Remove from heat and serve immediately. If you’re so inclined, a sprinkling of finely chopped chives will make it look less orange and goopey.

Pita and Hummus

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About 10 years ago I used to eat packaged, pre-made hummus by the gallon. I just couldn’t get enough of it.  Then something happened and the thought of store-bought hummus just didn’t appeal to me. People I knew started making their own hummus and I had the really, really good stuff at specialty restaurants. I just couldn’t stomach the gummy, flavorless junk from my local supermarket after having far superior hummus.

After craving hummus for far too long I decided to take matters into my own hand and make my own. It can’t be that difficult can it? Feeling ambitious, I decided I might as well make my own pita as well. For some reason the pita I’ve purchased at the store has been disappointing. Very cardboard-esque.

So, project pita and hummus commenced.

Pita Bread

Adapted from Anne Burrell

  • 1 ¼ cups warm water
  • 1 teaspoon sugar
  • 1 envelope active dry yeast
  • 1 ½ cups bread flour, plus a little more for dusting
  • 1 ½ to 2 cups all-purpose flour
  • 1 teaspoon cumin
  • 1 teaspoon cracked black pepper
  • 1 ½ teaspoons table salt
  • Pinch cayenne pepper
  • ¼ cup extra-virgin olive oil, plus more for oiling bowl

1. In a small bowl, combine the warm water, sugar and yeast and let sit for 15 minutes.

2. In the bowl of a stand mixer, using the dough hook, combine the bread flour and 1 ½ cups all-purpose flour, cumin, salt and cayenne.

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3. Add the yeast mixture and the olive oil and mix on medium speed to combine and knead the dough. It should take 6 to 7 minutes. At about 4 minutes into kneading my dough was super sticky so I gradually added more all-purpose flour a tablespoon at a time (it resulted in roughly half a cup more). After 7 minutes your dough should be very firm and not sticky or tacky.

4. Place the dough in a lightly oiled mixing bowl, cover with plastic wrap and let rise in a warm place until the dough has doubled in size, about 1 1/2 hours.

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After an hour mine was (waayyyyyy) more than double in size, so just check along the way.

5. Divide the dough into 8 equal pieces and roll into 7-inch rounds (1/4-inch thick), using an additional sprinkle of bread flour if your dough is sticking (my dough hardly stuck at all). Divide the dough between sheet trays (I have little baby sheet trays so needed to use 3), cover them loosely with a clean tea towel or plastic wrap and let rest for 20 minutes. As you will see, I chose to roll mine into abstract circles. I suck at rolling… errr…. I like the rustic, handmade look.

After researching other recipes I discovered a few different ways of cooking the pita and I wanted to try both to see which was most successful.

Stovetop method: Preheat a cast iron skillet or griddle on medium-high heat. Lightly grease the skillet and cook pitas, one at a time, for 15 seconds on one side, flip and cook for one minute, then flip again and cook an additional minute. The pita should lightly brown and puff up and the total cooking time should be less than 3 minutes per pita. This method seemed straight-forward but was disastrous for me. After burning two pitas (even after turning down the heat and cooking for a shorter period on the second pita) I decided this wasn’t for me.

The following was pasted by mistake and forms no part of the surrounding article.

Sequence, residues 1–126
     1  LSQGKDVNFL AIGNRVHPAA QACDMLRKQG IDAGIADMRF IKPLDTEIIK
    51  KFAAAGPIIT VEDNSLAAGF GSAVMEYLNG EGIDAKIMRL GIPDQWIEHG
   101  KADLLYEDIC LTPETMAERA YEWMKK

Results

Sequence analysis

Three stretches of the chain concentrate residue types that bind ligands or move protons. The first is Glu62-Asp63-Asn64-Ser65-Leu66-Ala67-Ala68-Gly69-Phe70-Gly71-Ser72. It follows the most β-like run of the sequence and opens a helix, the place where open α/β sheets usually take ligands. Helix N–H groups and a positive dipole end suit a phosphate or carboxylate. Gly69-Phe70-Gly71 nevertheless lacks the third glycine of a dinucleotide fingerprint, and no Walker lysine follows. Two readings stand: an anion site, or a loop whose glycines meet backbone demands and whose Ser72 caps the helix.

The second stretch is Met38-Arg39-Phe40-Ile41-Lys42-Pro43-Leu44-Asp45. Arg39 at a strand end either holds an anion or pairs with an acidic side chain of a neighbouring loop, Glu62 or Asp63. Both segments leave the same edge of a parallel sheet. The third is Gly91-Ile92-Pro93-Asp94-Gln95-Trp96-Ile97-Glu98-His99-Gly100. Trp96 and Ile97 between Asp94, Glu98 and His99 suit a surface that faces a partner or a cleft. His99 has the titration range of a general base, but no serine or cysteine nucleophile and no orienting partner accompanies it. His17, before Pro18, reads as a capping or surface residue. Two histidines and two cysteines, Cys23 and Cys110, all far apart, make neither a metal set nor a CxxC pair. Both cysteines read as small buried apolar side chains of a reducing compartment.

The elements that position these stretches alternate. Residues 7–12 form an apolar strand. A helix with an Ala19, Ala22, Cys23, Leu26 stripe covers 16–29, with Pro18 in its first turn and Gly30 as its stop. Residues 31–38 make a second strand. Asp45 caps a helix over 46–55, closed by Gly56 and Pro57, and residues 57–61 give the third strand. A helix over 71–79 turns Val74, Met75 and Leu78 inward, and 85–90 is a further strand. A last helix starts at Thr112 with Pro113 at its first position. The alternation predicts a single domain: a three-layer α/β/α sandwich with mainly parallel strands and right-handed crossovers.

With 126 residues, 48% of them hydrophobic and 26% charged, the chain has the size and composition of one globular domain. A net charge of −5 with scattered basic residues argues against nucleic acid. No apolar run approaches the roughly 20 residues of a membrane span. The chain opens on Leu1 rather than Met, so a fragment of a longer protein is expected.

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Oven method: Lightly spritz the pitas with water and bake in a preheated, 500 degree oven for 3 to 4 minutes, then turn the pitas over and bake for 2 more minutes. Let cool slightly before eating. I prefer warm pitas and almost immediately started ripping these bad boys apart to dip into my hummus.

This was definitely my preferred method.

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Hummus

From Ina Garten

While I only went to one store in search of tahini, I was somewhat shocked at how pricy it is. I mean, it’s not obscenely expensive but considering tahini is simply ground up sesame seeds and a bit of oil, I thought the $11 price tag for the teeny, tiny bottle was a bit obscene. After googling “homemade tahini” on my iPhone, I decided it would be easy and much cheaper to make my own. I did so by grinding 4 cups of lightly toasted sesame seeds and 1/3 olive oil in my food processor for a few minutes, until it was a smooth, thick paste. It stores in the fridge for a few months.

  • 4 garlic cloves
  • 2 cups canned chickpeas, drained, 2 tablespoons liquid reserved (cooking dried chickpeas tastes so much better, but using canned results in a delicious, but less tasty hummus)
  • 1 teaspoon table salt
  • 1/3 cup tahini (sesame paste)
  • 6 tablespoons freshly squeezed lemon juice (approximately the juice of 2 lemons)
  • 2 tablespoons water or liquid from the chickpeas
  • 8 dashes hot sauce (Frank’s is my preferred hot sauce)

Turn on the food processor fitted with the steel blade and drop the garlic down the feed tube; process until it’s minced. Add the rest of the ingredients to the food processor and process until the hummus is coarsely pureed. Taste, for seasoning, and serve chilled or at room temperature with pita and/or an assortment of vegetables. Sprinkle with paprika, if desired.